A retired farmer died of an incurable cancer linked to asbestos exposure, an inquest heard.
Harry Boys, from Accrington, was admitted to Royal Blackburn Hospital on June 7 this year and lung biopsy tests later confirmed he was suffering from mesothelioma.
An inquest at Blackburn Coroners Court heard how the 85-year-old’s disease was ‘considered to be incurable’ and he was given palliative care until his death on July 1.
Coroner Michael Singleton ruled that Mr Boys died of the occupational disease mesothelioma and said he has a ‘very strong association with exposure to asbestos’.
The inquest heard how Mr Boys, of Pinewood Drive, previously ran a pig and poultry farm in Burnley after leaving school.
His son Howard Boys told the hearing that his father then worked at Associated Dairies in Accrington.
Mr Singleton told the inquest that it was ‘known locally’ at the time that ‘there were known to be buildings that had asbestos in them’. The inquest also heard how it was ‘not uncommon’ for farm outbuildings in the 1960s to be ‘roofed in asbestos sheeting’.
Concluding the inquest, Mr Singleton said: “Doctors tell me than in 95 per cent of cases of mesothelioma there is a direct link with exposure to asbestos.
“There’s a school of thought that says that five per cent are entirely natural. There’s also a school of thought among doctors that say those five per cent simply cannot establish the link, but it would be there if there was only evidence to support that.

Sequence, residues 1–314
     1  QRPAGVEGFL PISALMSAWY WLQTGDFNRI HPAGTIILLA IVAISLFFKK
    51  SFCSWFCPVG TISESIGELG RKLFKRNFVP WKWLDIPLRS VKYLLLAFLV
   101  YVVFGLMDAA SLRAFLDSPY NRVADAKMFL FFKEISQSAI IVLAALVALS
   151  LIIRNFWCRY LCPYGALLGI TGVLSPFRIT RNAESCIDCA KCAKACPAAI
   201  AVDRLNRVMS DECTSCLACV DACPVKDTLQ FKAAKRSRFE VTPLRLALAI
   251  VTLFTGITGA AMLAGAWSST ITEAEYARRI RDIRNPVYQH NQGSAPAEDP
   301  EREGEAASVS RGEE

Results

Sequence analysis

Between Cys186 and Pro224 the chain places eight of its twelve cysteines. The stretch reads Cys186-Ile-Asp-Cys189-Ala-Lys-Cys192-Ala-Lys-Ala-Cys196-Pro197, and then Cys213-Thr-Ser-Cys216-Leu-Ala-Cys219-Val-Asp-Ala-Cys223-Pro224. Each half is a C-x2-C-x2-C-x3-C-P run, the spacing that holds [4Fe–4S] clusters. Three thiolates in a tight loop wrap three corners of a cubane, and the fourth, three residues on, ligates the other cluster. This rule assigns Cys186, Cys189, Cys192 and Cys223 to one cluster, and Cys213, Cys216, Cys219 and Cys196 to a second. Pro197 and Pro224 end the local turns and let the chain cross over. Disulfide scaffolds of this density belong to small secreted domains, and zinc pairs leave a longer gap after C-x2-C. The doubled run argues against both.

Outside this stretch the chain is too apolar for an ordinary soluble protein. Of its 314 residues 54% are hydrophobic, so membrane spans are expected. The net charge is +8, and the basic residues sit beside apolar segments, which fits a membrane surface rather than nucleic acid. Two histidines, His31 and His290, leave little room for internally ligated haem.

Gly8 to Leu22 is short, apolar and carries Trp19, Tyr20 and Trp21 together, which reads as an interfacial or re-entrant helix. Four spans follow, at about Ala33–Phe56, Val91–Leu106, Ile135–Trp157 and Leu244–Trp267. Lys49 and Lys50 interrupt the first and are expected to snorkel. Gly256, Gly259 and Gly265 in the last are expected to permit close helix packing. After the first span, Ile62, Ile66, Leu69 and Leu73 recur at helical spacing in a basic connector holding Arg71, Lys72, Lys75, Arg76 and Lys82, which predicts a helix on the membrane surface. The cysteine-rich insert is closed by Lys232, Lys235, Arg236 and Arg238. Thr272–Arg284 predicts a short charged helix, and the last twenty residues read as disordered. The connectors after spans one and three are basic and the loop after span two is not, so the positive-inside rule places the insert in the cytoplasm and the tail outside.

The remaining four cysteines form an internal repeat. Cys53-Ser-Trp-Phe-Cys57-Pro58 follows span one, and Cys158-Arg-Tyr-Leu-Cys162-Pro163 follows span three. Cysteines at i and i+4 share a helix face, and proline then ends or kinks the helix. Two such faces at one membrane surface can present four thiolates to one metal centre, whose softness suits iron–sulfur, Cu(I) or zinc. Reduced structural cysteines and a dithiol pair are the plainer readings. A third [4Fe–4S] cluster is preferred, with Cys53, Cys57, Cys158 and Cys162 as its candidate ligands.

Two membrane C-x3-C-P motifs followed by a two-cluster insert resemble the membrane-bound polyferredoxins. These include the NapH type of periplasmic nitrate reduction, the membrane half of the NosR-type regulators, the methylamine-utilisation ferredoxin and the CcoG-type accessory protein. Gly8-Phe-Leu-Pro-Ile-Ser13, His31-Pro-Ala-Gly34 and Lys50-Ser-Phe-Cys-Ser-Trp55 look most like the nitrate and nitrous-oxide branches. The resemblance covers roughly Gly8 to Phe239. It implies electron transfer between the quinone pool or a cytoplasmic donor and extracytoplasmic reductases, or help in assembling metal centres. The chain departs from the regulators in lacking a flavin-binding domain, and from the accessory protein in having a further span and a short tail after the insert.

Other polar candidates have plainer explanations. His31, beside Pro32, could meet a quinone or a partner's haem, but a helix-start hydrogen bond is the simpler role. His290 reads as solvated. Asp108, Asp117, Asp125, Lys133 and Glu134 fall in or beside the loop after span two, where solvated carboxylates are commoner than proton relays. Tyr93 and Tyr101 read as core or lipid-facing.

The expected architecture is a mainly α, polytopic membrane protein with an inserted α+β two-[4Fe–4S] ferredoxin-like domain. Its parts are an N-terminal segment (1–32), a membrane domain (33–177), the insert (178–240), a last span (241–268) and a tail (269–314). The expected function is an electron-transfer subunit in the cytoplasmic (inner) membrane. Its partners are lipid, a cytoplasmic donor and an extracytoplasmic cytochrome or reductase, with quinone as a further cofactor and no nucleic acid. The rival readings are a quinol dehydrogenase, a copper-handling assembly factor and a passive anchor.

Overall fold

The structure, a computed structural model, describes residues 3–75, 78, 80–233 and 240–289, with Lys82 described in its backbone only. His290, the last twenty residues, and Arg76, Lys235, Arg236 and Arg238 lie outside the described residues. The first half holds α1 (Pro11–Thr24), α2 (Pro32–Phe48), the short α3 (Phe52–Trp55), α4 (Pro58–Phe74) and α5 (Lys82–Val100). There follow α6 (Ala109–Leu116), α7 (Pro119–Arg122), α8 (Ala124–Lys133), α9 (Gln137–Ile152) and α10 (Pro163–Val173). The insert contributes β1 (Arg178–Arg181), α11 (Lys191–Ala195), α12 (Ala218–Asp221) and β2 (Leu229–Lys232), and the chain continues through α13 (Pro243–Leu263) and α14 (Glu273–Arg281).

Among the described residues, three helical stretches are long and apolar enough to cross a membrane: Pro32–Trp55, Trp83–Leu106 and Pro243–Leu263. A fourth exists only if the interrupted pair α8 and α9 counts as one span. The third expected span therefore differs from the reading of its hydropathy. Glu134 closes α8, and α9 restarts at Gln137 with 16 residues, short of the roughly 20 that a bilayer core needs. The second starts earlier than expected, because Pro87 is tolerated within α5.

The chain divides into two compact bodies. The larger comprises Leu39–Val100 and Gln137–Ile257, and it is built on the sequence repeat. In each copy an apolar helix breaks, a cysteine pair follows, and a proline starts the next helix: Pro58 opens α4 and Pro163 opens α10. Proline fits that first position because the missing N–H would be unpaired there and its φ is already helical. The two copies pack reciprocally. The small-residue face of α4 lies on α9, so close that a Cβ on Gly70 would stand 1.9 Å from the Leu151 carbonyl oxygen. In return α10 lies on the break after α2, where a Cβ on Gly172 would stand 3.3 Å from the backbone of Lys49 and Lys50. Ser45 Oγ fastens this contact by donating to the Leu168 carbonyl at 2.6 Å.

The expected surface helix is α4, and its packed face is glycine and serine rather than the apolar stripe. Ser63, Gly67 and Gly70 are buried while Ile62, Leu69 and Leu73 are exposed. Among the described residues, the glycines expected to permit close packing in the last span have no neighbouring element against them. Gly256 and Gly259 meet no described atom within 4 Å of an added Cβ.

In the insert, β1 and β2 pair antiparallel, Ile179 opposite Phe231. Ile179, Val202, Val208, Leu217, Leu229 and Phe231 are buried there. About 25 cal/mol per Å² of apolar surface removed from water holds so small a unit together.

“There is a divergence of medical opinion but within the coroners court I work on the balance of probabilities. Having heard the evidence I take the view that it is more likely than not that it was during his working life that Harry Boys was exposed to asbestos, as a consequence of which he developed the mesothelioma from which he died.”
Mr Singleton added: “Mesothelioma is a very aggressive, distressing and debilitating tumour. It’s distressing for not only the person that has it but also for their loved ones.
“The fact that the period of time between diagnosis and your father dying, no doubt at the time seemed tragically short, I have to tell you from my experience that actually it was a great blessing.
“That your father would not have wished, and nor would you, to have seen him go through days and months of this most distressing condition.”